E&S Extra

Editorial Director Joe Carbonara provides insights and commentary on the state of the foodservice equipment and supplies marketplace.


Foodservice Equipment and Supplies Related Hot Takes

The National Restaurant Association’s annual trade show has come and gone. But what remains are a handful of equipment and supplies related trends that will continue to shape the foodservice industry for the foreseeable future. Here are four that caught my eye.


Ventless equipment remains hot.

Ventless equipment continues to draw the attention of foodservice operators and designers alike, and with good reason. In the case of cooking equipment, ventless technology allows operators to bring customers closer to the action, which dovetails nicely with consumers’ desire for greater transparency. And ventless technology also gives operators more future flexibility in this era of ever-changing menus. In the event an operator’s menu or service style should shift, it’s easier to move or replace a piece of equipment that can function without a vent.

Plant-based products continue to blossom beyond the menu.

With consumers’ interest in consuming a more plant-centric diet seemingly at an all-time high, it only makes sense that food products that support this trend remain a hot topic. Plant-based products remain an equally hot topic in the equipment and supplies world. For example, the way operators cook and hold menu items such as veggie burgers will need to take into account the unique composition of these products so as to not compromise flavor and more. For their part, equipment manufacturers are starting to take notice of these plant-based food products and are doing a better job of understanding and articulating how their products can support these menu items.

But the talk of plant-based products goes well beyond what’s on the menu and includes supply items. There’s no shortage of vendors that now offer plant-based cups, straws, packaging and more. While these types of products have been around for a long time, what’s notable is how durable they have become. For example, when they first hit the market paper straws were not sturdy enough to stand up to thicker menu items like milkshakes and smoothies. That’s no longer the case. Same applies to packaging. There’s some very sturdy packaging options on the market that are microwavable and can hold up to the rigors of foodservice.

Automation may eventually address some labor issues, but the transition won’t be an easy one and it may take different forms.

For various, well-documented reasons, labor costs remain top of mind for just about every foodservice operator. And the industry continues to wonder when automation, namely robots, will help relieve labor pressures. The good news is that there’s no shortage of companies developing robotic solutions, but the foodservice operators implementing such solutions seem to be the exception rather than the norm.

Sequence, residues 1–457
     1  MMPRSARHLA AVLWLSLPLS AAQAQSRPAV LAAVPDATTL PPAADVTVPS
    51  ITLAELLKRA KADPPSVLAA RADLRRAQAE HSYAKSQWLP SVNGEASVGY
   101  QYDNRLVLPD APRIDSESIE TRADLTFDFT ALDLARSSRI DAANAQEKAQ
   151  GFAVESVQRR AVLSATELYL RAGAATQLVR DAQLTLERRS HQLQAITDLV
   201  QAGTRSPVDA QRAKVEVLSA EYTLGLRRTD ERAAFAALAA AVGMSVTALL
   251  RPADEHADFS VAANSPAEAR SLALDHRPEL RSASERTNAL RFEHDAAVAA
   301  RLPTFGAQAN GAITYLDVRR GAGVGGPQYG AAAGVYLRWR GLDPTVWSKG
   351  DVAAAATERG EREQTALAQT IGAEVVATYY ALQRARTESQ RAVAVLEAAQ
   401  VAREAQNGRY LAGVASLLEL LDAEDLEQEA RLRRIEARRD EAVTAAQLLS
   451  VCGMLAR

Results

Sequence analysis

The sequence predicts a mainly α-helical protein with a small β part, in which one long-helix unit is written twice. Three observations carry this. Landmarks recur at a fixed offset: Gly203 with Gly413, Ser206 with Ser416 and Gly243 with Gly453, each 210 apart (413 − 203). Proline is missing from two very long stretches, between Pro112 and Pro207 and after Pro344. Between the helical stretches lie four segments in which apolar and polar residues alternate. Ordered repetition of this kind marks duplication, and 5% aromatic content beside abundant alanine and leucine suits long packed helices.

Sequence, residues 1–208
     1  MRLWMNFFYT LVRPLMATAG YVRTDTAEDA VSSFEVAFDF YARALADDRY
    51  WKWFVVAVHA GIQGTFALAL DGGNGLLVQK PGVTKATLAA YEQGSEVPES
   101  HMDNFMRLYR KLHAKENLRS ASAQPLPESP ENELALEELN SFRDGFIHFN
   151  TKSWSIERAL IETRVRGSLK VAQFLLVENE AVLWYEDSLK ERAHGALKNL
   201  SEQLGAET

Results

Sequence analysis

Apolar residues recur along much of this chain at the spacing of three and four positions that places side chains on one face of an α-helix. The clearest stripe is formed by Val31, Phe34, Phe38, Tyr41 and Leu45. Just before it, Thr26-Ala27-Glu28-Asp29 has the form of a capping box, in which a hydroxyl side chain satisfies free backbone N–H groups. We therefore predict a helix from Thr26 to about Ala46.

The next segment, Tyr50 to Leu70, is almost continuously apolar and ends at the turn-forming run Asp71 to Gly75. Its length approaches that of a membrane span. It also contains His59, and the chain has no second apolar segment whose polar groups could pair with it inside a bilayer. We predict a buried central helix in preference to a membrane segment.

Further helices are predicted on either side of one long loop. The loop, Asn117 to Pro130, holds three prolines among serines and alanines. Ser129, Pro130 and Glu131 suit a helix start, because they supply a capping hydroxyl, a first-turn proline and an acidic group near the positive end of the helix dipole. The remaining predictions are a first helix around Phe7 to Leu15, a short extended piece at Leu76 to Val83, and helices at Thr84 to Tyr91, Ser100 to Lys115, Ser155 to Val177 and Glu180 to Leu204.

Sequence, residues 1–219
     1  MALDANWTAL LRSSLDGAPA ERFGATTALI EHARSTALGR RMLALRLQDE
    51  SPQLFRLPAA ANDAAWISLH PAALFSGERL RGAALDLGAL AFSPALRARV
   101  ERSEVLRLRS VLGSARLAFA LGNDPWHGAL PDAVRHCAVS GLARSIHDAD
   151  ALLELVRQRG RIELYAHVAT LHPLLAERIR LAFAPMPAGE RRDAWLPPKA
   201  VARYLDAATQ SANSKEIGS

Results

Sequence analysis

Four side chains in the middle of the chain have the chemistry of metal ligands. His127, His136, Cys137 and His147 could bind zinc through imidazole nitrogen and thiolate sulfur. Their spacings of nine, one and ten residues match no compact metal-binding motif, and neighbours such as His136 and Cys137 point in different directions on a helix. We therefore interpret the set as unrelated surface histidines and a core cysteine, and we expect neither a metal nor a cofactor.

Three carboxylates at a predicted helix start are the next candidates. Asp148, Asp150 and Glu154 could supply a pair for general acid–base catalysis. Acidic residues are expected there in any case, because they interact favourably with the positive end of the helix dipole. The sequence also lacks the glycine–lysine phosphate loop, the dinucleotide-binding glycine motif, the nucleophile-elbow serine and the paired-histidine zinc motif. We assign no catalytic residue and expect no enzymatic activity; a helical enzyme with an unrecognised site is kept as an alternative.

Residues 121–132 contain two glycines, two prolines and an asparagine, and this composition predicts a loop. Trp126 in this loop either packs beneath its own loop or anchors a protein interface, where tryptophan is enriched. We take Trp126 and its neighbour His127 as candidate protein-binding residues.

There’s a variety of reasons for that. First, operators do love technology and, according to various studies commissioned by the National Restaurant Association, they see benefits in implementing various solutions. It’s just that those technology-based solutions have less to do with robots and more to do with how foodservice operations interact with their customers and help offset flat or declining foot traffic. As a result, operators’ attention remains on app and kiosk ordering, third-party delivery and other forms of technology. As a whole, the industry has yet to turn its attention to back-of-the-house solutions that such as robots.

That day will come one, though. And when evaluating those decisions, operators will need to do a deep dive to ensure they are not simply reducing labor costs while increasing the costs related to maintaining and fixing these solutions, as Rippe Associates Christine Guyott so aptly pointed out during our fireside chat in the Kitchen Innovations Showroom at the NRA Show.

In the nearer term, there’s a great opportunity for products that automate certain processes and assist with portion control. Examples include the salad robot that was on display at the show again this year as well as a fryer that cooks individual portions of certain menu items. Products like these offer operators tremendous benefits in terms of smart labor usage, food quality and even consistency. Those are less complicated factors that should resonate with operators quicker and could serve as a gateway to wider spread implantation of other forms of automation.

Factories fill in their gaps.

It’s no secret that consolidation continues to change the face of the foodservice equipment and supplies industry. What was notable this time around, though, was the more integrated approach factories were taking in how they displayed their products. Instead of having individual slots for each product lines, I saw more factories showing how all these products continued to mesh together. One multiline manufacturer grouped its products by type of foodservice operation so those visiting their booth could see how the factory’s various lines worked together. Many factories have discussed being an enterprise solution but what I saw overall at the show was the most tangible manifestation of this to date. This gives the operators more to think about and can position the factories and their supply networks as more dynamic resources.